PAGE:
Yet “commandeering the bankruptcy process was not…the only hope for G.M. and Chrysler,” observes David Skeel, professor of law at the University of Pennsylvania, in a Wall Street Journal column. He says the long-term costs will be “enormous.”
Both companies were required to file for bankruptcy. And, instead of restructuring under usual bankruptcy rules, each company pretended to “sell” its assets to a new entity created as part of the sale. Other bidders could not qualify unless they had the same deal the government had, namely a big payment to the union retirees.
The “sale,” which gave the government 61 percent of the GM stock was what Professor Skeel called a “sham.” The Obama Administration decided there was no need to let “the pesky rule-of-law considerations interfere with its plan” to help the unions and “other favored creditors.”
The companies would not have collapsed if the government hadn’t intervened. General Motors could have been restructured under the regular reorganization process. As for Chrysler, its Jeep division would have survived in a normal bankruptcy, Skeel maintains.
The claim that the bailouts were conducted at little cost, is quite dubious, Skeel points out. The taxpayers “are still likely to end up with a multi-billion dollar bill…” The car bailouts sent the smelly message that if a politically important industry is in a fix Uncle Sam will step in and dictate the results it wants. It won’t permit failure.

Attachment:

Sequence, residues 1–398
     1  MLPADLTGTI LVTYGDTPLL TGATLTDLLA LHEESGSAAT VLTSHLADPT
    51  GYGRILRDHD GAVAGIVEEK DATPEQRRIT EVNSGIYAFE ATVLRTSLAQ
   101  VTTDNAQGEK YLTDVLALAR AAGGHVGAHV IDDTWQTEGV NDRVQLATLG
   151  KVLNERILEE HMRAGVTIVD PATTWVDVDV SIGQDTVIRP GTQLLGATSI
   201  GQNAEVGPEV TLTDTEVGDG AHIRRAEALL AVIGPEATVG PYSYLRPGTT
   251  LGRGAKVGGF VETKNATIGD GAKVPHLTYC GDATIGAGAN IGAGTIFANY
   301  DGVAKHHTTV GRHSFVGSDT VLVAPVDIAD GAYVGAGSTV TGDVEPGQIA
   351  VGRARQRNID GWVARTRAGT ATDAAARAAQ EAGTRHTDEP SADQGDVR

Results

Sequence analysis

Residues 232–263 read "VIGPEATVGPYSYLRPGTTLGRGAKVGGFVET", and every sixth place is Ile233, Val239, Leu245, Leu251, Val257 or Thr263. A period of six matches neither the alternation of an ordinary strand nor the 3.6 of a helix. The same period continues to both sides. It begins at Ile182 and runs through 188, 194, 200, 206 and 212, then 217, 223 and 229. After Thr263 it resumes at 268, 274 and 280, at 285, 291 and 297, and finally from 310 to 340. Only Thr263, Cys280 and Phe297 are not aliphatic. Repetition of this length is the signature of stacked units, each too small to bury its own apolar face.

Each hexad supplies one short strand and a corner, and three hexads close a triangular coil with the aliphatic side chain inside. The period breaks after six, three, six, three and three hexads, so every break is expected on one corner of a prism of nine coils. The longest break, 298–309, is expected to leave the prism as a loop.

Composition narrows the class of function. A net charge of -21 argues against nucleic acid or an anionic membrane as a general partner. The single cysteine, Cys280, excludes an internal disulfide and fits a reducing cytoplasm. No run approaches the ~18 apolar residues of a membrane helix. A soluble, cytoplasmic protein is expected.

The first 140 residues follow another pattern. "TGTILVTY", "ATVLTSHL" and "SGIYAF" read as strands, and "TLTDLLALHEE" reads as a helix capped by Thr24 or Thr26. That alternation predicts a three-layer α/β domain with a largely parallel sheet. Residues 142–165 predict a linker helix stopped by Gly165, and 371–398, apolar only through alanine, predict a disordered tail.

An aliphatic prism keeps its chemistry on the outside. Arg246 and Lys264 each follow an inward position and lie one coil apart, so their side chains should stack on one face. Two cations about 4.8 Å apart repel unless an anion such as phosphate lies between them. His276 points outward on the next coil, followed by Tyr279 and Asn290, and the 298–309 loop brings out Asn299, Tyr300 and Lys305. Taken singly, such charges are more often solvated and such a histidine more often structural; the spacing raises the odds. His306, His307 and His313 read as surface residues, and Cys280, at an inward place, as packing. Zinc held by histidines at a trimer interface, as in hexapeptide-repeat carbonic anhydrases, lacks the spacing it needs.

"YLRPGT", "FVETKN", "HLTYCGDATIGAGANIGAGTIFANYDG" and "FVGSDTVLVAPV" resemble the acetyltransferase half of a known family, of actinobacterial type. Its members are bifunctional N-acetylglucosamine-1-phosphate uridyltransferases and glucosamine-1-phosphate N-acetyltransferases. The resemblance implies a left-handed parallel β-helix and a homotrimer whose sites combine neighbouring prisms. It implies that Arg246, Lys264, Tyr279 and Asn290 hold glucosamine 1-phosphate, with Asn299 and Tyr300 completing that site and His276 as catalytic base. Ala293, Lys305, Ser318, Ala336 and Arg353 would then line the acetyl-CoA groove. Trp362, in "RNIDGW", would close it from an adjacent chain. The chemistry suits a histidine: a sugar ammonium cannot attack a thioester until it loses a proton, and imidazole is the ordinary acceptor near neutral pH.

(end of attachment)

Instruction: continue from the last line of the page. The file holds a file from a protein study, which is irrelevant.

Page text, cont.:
Our Keynesian government has thoroughly disrupted the process of economic information sharing by restricting the ability to fail. Farm subsidies, for example, permit U.S. agriculture to stay in business artificially, blocking its failure and limiting access to new parties who may be able to identify methods of farming that would not lean on government support.
If the main purpose of the market were merely to allocate known resources to currently efficient uses, we would be stuck in a primitive world, the Freeman authors observe. For example, if a plow is determined to be the best use of iron, “how could iron ever be allocated for a new invention such as a tractor?” Horwitz and Knych ask.
“Competition figures prominently in this system,” the authors add. “It promotes entrepreneurial activity and the discovery of knowledge” by empowering decision-makers to find new ways of using resources.
“Centralized planning, like other forms of government allocation, necessarily relies on the knowledge of fewer people, limiting discovery, and restricting knowledge-dissemination to fewer channels, “ Horwitz and Knych explained.
For a high standard of living we must “constantly change how we do things.” Change won’t be fueled by “lucky guesses or bureaucratic decrees,” but instead by entrepreneurial activity in the face of possible failure in the market. That has always driven the train of progress. “The tracks must be cleared of government obstacles.”
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